It's important to allow enough time to have a lucid dream. Dreams during the first part of the night are mostly related to memory and the body's repair processes. Dreams that occur near the end of a good night's sleep are more likely to be lucid.

Learn How to Remember Dreams

Experiencing lucid dreams isn't particularly useful if you can't recall the dream! There are several steps you can take to remember dreams. When you first awaken and try to recall a dream, keep your eyes closed and don't change position. Keep a dream journal and record dreams as soon as you awaken. Tell yourself you will remember dreams.


MILD stands for Mnemonic Induction to Lucid Dreaming. It just means using a memory aid to remind yourself to be "awake" during your dreams. You can repeat "I will know I'm dreaming" before falling asleep or look at an object before sleeping that you have set to connect with lucid dreaming. For example, you can look at your hands. Think about how they appear when you're awake and remind yourself to look at them in a dream.

Perform Reality Checks

Reality checks are used to tell lucid dreams from reality. Some people find their hands change appearance in a dream, so if you look at your hands and they are strange, you know you're in a dream. Another good reality check is examining your reflection in a mirror. If a book is handy, read the same paragraph twice. In a dream, the words almost always change.

Wake Yourself up During the Night

Lucid dreams accompany REM sleep, which occurs about 90 minutes after falling asleep and approximately every 90 minutes afterward. Immediately following a dream, the brain approaches wakefulness, so it's easier to wake up and recall a dream right after you have one. You can increase the odds of remembering a dream (and give yourself another reminder to be aware of dreaming) if you wake yourself up every 90 minutes. You can set a regular alarm clock or use a device called a light alarm that raises light levels after a set amount of time. If you can't afford to disrupt your sleep schedule this much, simply set your alarm about 2 hours before you normally would wake up. When you awaken, turn off the alarm and drift back to sleep thinking about one of your reality checks.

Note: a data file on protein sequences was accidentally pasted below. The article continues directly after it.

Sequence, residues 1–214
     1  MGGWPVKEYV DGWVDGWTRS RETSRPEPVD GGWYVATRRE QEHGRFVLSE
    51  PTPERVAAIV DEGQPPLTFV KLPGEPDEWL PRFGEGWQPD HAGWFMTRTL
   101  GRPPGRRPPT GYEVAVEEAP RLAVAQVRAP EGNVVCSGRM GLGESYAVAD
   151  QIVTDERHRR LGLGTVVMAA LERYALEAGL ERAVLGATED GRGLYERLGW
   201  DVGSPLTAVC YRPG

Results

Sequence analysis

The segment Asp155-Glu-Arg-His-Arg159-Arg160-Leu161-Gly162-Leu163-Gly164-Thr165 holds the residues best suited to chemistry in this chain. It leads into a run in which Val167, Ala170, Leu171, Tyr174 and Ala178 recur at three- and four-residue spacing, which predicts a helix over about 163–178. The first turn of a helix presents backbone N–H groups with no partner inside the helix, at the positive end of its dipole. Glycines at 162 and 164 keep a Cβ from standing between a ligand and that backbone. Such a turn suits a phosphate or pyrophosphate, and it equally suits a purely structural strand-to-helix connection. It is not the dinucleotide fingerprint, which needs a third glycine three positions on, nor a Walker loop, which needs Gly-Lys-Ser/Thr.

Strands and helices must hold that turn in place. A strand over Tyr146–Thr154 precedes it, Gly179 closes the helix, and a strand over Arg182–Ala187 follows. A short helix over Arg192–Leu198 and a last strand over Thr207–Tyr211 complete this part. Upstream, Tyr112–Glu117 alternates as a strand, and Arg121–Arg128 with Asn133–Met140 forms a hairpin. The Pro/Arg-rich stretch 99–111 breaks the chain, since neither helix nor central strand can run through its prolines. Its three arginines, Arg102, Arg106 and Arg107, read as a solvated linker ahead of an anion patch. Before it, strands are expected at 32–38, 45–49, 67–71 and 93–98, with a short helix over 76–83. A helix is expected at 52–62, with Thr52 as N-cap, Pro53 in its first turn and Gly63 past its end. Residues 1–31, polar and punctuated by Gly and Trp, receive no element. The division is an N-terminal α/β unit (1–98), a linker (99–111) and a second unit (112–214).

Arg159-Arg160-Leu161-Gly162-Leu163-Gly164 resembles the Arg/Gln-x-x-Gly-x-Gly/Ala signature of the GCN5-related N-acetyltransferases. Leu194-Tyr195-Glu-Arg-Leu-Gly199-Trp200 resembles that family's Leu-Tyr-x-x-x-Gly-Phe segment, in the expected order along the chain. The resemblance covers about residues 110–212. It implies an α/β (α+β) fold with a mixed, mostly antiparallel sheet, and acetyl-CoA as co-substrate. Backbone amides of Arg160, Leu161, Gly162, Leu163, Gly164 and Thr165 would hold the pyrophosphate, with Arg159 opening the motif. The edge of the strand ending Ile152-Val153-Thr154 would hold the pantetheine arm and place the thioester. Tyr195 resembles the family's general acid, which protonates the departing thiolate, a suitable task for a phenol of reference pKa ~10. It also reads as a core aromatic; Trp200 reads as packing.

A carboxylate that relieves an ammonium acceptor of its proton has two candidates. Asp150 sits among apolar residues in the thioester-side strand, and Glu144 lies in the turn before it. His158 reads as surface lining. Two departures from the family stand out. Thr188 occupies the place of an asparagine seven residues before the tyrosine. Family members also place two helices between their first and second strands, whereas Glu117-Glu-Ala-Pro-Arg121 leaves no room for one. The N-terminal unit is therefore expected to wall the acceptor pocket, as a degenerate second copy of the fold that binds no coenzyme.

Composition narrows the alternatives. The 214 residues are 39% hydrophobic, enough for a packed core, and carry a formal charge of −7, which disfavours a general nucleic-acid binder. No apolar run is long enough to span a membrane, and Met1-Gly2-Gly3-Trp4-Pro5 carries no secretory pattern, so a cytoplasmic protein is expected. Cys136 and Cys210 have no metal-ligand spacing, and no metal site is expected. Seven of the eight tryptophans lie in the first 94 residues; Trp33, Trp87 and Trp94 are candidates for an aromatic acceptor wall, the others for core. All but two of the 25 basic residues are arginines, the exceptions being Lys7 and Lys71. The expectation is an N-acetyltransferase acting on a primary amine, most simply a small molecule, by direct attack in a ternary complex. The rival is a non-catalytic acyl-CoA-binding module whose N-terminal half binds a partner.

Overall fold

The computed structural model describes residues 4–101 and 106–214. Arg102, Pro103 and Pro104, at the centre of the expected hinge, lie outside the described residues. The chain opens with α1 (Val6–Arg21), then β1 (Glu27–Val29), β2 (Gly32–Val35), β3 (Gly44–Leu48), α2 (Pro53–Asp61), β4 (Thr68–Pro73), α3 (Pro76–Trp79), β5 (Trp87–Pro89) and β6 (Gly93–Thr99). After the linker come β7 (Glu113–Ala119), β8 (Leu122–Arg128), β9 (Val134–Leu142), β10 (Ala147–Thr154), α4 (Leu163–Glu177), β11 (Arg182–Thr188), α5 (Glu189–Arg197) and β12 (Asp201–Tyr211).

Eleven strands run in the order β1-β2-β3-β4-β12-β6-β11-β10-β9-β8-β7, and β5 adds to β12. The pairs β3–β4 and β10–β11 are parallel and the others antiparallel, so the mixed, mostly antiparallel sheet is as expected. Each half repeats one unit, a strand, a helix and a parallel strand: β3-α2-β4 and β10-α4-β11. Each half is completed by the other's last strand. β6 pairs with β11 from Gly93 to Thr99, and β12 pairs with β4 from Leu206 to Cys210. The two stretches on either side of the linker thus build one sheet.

Relax and Enjoy the Experience

If you have trouble lucid dreaming or recalling dreams, don't beat yourself up over it. It takes time to develop lucid dreaming habits. When you have a lucid dream, relax and observe it before trying to control it. Try to identify any steps you might have taken that helped the process work. Over time you'll experience lucid dreams more often.


  • Holzinger B.; LaBerge S.; Levitan L. (2006). "Psychophysiological correlates of lucid dreaming". American Psychological Association16 (2): 88–95.
  • LaBerge, S. (2000). "Lucid dreaming: Evidence and methodology". Behavioral and Brain Sciences. 23 (6): 962–63. 
  • Véronique Boudon-Meillot. Galien de Pergame. Un médecin grec à Rome. Les Belles Lettres, 2012.
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Helmenstine, Anne Marie, Ph.D. "Everything You Need to Know About Lucid Dreaming." ThoughtCo, Aug. 18, 2021, thoughtco.com/lucid-dreaming-4150528. Helmenstine, Anne Marie, Ph.D. (2021, August 18). Everything You Need to Know About Lucid Dreaming. Retrieved from https://www.thoughtco.com/lucid-dreaming-4150528 Helmenstine, Anne Marie, Ph.D. "Everything You Need to Know About Lucid Dreaming." ThoughtCo. https://www.thoughtco.com/lucid-dreaming-4150528 (accessed March 30, 2023).